The options can be confusing, but for most users designing a machine, bus choice really comes down to three choices: RS-485 (yes, the old standby), CANBus/CANopen, and Ethernet or one of the deterministic Ethernet variations (EtherCAT or Ethernet Powerlink).
See next page for more about machine controller cards, and how to choose a motion network
Machine controller cards
The major alternative to distributed drives is a machine controller card, also called a motion control card. The distinction is that a motion control card connects via a backplane bus to a separate motherboard or processer card, but here we will refer to stand-alone single-card controllers and backplane motion cards as machine controller cards.
In the machine controller approach a microprocessor holds the machine’s application code, and a motion controller IC, also called a motion processor, generates profiles, does servo loop closure, and manages the time-critical elements of axis control. Note that it is possible, particularly for simple control applications, for the machine application microprocessor and the motion processor to be one and the same.
The advantages of the machine controller card approach are many-fold including easier serviceability since repair of the entire controller card is a simple swap-out. Another advantage is reduced wiring since the amplifiers are located on the card. Finally, the physical form factor of the card along with the connector interfaces can be tailored to suit the application.
There are two major variations of machine controller cards: off-the-shelf and custom built. Off-the-shelf cards, particularly bus-connected motion cards, have been around for a long time and are available from several different vendors.
Custom built cards, while more work on the design side, are also a strong choice. The most important trend here is integration of the amplifier, either IC or module-based, directly onto the card.
Another trend is use of off-the-shelf IC-based motion controllers. These units provide profile generation, servo loop closure, commutation, and a myriad of time-critical functions such as automatic safety responses, programmable breakpoints, and other types of automatic motion axis management.
How to choose a network
Here’s how to select a motion control network. Certain factors may make one architectural approach more suited than another.
When considering a distributed motion network, try to anticipate the kinds of signaling that will be required in your application. Does the behavior of the motion depend on the status of signals located on another part of the machine? Will you place sensors, and other non-motion controlled actuators, such as relays, on the network bus? How quickly does the motion have to shut down if an error occurs?
Another important consideration regarding how, and how much, you can use a network-based approach is the mechanical organization of the connected machine. This issue addresses questions such as, “How will the machine be serviced if electronics are physically distributed throughout the machine?” Although the traditional card rack that the technician services may be a mess of wires, there is something to be said for keeping everything under one roof. Serviceability and lifetime ownership cost strongly affect control system design choices.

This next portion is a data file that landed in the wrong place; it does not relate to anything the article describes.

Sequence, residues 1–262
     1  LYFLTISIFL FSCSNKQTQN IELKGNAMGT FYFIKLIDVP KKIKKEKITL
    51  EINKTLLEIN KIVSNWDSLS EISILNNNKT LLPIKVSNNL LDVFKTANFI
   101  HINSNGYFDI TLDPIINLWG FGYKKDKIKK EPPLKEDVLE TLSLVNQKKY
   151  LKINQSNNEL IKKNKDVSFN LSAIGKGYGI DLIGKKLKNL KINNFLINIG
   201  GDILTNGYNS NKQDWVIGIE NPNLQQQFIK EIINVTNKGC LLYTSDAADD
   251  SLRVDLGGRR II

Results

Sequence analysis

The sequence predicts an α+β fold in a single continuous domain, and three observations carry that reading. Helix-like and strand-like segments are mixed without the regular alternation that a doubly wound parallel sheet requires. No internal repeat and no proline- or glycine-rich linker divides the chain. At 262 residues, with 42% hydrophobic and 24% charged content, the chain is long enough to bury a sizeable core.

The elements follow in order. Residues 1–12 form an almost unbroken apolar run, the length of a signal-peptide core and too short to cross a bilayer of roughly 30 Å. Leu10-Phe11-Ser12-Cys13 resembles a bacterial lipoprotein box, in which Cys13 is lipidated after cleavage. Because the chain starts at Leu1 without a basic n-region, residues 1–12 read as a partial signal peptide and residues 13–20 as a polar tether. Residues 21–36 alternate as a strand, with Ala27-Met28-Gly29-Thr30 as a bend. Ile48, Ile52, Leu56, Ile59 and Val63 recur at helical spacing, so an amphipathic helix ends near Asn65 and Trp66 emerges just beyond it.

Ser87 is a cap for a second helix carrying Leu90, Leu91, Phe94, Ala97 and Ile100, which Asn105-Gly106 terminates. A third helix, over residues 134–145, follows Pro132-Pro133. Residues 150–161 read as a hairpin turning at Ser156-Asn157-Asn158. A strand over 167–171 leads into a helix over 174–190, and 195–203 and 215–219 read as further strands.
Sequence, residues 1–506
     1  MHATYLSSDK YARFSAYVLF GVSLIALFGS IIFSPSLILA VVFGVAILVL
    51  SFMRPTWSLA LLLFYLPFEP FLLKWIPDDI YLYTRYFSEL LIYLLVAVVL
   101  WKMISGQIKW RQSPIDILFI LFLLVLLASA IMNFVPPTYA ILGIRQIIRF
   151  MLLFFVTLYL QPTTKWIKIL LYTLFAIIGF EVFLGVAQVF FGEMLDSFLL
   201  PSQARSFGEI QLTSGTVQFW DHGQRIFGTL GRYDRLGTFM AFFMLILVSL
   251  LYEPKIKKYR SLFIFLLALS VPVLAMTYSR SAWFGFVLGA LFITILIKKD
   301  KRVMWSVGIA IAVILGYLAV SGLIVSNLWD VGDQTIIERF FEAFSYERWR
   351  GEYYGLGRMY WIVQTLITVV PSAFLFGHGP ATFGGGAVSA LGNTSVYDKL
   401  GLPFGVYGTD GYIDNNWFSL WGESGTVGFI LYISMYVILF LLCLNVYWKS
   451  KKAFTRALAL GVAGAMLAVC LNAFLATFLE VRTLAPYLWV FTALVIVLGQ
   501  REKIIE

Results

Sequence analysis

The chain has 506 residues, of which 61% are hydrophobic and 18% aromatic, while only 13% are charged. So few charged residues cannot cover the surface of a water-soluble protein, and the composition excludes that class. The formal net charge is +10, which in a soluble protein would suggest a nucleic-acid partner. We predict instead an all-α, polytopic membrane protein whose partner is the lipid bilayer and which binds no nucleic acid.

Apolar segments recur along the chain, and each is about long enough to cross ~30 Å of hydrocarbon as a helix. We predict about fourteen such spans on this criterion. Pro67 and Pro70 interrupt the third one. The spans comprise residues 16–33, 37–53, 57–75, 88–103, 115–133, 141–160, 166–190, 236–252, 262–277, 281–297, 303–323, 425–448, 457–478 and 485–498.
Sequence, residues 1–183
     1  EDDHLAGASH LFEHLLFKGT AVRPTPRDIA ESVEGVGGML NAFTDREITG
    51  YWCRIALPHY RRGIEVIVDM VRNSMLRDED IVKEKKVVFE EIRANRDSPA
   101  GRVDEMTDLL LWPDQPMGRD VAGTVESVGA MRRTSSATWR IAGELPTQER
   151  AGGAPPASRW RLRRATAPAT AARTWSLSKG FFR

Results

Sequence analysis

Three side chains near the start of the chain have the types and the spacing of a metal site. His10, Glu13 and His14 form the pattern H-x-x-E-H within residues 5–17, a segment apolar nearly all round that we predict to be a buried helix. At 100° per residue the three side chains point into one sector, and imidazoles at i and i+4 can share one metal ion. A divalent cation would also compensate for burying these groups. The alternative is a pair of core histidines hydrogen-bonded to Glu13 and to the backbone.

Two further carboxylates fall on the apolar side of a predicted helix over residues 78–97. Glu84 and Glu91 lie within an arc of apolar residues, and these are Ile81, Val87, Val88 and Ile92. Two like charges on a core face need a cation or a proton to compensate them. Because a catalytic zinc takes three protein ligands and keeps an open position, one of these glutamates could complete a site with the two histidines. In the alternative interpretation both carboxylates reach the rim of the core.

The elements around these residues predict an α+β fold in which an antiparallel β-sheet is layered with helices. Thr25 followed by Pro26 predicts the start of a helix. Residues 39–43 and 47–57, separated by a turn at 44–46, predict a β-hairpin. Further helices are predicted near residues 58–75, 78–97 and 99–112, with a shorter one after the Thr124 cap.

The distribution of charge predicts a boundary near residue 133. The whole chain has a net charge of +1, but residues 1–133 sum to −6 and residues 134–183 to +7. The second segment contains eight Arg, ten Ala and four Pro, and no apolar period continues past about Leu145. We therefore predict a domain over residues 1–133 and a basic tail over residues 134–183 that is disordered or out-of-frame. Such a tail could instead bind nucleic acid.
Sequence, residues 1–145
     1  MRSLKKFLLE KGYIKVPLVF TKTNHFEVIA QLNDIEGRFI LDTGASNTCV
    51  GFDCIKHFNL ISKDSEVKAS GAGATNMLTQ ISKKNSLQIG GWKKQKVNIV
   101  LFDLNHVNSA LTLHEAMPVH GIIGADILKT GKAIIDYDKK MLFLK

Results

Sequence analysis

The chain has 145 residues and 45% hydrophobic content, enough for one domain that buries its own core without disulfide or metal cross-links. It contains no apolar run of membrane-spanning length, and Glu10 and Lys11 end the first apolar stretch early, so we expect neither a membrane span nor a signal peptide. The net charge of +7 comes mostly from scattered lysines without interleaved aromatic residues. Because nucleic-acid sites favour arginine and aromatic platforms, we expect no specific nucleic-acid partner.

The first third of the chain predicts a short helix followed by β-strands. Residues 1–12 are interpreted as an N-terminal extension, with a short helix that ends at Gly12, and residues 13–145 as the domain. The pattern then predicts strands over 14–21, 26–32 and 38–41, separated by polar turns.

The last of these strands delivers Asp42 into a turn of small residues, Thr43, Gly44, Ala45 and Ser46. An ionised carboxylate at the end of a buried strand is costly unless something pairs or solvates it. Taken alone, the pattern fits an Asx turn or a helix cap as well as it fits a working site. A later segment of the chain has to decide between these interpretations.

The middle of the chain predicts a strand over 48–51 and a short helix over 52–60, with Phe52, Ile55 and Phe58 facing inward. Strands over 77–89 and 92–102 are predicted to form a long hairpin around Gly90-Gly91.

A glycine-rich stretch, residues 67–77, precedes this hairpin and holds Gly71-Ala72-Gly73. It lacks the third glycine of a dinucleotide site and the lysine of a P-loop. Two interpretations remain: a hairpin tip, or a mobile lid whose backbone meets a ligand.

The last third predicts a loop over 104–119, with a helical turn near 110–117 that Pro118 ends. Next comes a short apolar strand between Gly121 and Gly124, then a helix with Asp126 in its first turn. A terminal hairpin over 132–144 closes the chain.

Remember also that distributing the control by placing amplifiers near the motors may not always be feasible for weight, heat, or other environmental reasons. The traditional control rack cabinet can be air conditioned and insulated from the machine operating environment. This is often not possible if the controls are distributed.
When is one control approach used over another? There is no easy or simple answer, and sometimes two architectures can be used equally well for a given application.
In broad terms, the more cost sensitive the application, the more likely it is that the person designing the motion application will design a card and, depending on power level, integrate on-board amplifiers. When designing a card, it is possible to choose exactly the connectors needed and set the form factor of the card for that particular motion application.
Highly synchronized applications such as machine tools will gravitate toward multi-axis motion cards or a tightly coupled distributed drive approach. These drives allow a lot of flexibility in motor type and power range. Don’t forget that a motion control card will be needed for overall path generation, or you will use a PC running dedicated G-code software.
A large middle ground of applications, such as medical automation, semiconductor automation, scientific instrumentation, and low-power general automation, can be served by several approaches including off-the-shelf machine controller cards, custom-built machine controller cards, or loosely coupled distributed drives.
– Chuck Lewin is founder and vice president of engineering, Performance Motion Devices. Edited by Mark T. Hoske, content manager, CFE Media, Control Engineering, firstname.lastname@example.org.
At bottom of this article, look for related articles on motion control.
- Understanding motion architectures can help with machine design and network selection and design.
- Two motion control devices include distributed drives and machine controller cards.